During the fourth quarter the national delinquency rate for home loans jumped 89 basis points — the biggest three-month increase in more than 35 years — to a record 7.88% at yearend, the Mortgage Bankers Association said Thursday.
The rate includes both prime and subprime mortgages that are 30 days or more past due.
Subprime delinquencies surged 185 basis points, to a staggering 21.88%, the trade group said.
The portion of prime loans in the process of foreclosure nearly doubled from a year earlier, to 1.88%. The one bright spot in the numbers was that foreclosure starts were flat, at 1.08% of all loans. However, Jay Brinkmann, the MBA's chief economist said that was "mainly attributable to various state and local moratoria on foreclosure sales" and freezes placed by Fannie Mae and Freddie Mac on foreclosures and evictions in November.
Such freezes are "really driving a buildup in the 90-day or more [past due] bucket," Brinkmann said during a conference call Thursday. "More loans are being held in that bucket, as opposed to what is being sent into foreclosure."
The percentage of mortgages that were seriously delinquent or in foreclosure climbed 268 basis points from a year earlier and 113 basis points from the end of the third quarter, to 6.3%.
For subprime mortgages, this figure skyrocketed 867 basis points from a year earlier and 355 basis points from Sept. 30, to 23.11%.
The highest delinquency rates were posted in the South (9.4%) and the Midwest (8.58%), according to the trade group.
Brinkmann said he expects the Obama administration's foreclosure prevention efforts "will be beneficial" to the delinquency and foreclosure rates this year, though the benefit will be difficult to quantify.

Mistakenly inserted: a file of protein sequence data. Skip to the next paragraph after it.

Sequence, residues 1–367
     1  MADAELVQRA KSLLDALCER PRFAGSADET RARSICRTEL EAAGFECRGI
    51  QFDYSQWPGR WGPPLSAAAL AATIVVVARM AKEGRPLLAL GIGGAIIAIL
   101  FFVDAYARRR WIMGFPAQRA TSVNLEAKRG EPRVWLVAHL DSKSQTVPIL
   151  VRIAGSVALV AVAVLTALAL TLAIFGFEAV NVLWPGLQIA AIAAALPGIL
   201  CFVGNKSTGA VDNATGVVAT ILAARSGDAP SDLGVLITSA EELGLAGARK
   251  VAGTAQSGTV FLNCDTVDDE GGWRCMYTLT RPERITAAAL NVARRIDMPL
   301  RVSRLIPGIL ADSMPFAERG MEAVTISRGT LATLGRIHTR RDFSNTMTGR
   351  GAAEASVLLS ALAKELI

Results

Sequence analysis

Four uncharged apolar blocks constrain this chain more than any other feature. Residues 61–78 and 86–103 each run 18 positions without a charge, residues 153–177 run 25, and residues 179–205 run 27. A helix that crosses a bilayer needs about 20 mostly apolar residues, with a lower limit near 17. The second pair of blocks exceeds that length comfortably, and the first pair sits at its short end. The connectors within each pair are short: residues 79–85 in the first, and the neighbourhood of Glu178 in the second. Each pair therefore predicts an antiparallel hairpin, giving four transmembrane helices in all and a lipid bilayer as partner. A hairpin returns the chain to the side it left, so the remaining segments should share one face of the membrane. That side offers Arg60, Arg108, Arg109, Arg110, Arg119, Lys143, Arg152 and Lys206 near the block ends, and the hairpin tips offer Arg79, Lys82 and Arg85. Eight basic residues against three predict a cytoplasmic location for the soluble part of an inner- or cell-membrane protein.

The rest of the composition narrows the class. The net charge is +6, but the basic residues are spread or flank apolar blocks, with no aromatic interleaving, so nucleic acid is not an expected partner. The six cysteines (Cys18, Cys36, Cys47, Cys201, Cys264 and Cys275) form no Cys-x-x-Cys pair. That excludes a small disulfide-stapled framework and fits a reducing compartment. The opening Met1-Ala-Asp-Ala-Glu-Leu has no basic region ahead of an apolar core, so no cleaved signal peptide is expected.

The share of subprime adjustable-rate mortgages that were 30 to 60 days past due dropped 134 basis points from the end of the first quarter, to 8.19%, their lowest level since the first quarter of 2007.
The drop showed "a shift away from delinquencies tied to the structure and underwriting quality of loans to mortgage delinquencies caused by job and income losses," Brinkmann said. "Absent a sudden increase in short-term rates, this trend should continue," because the last subprime ARMs that carried a fixed payment for two years before adjusting were written in the first half of 2007.
"The problem with initial resets is largely behind us, although the impact of the resets was generally overstated," he said. Also, "the delinquency rates continue to climb across the board for prime fixed-rate and subprime fixed-rate loans, … whose performance is driven by the loss of jobs or income, rather than changes in payments."
Figures compiled by National Mortgage News show that Americans owe $9.6 trillion on their loans. The MBA's figures would indicate that $756 billion of residential mortgage debt is delinquent, including $196 billion of subprime debt.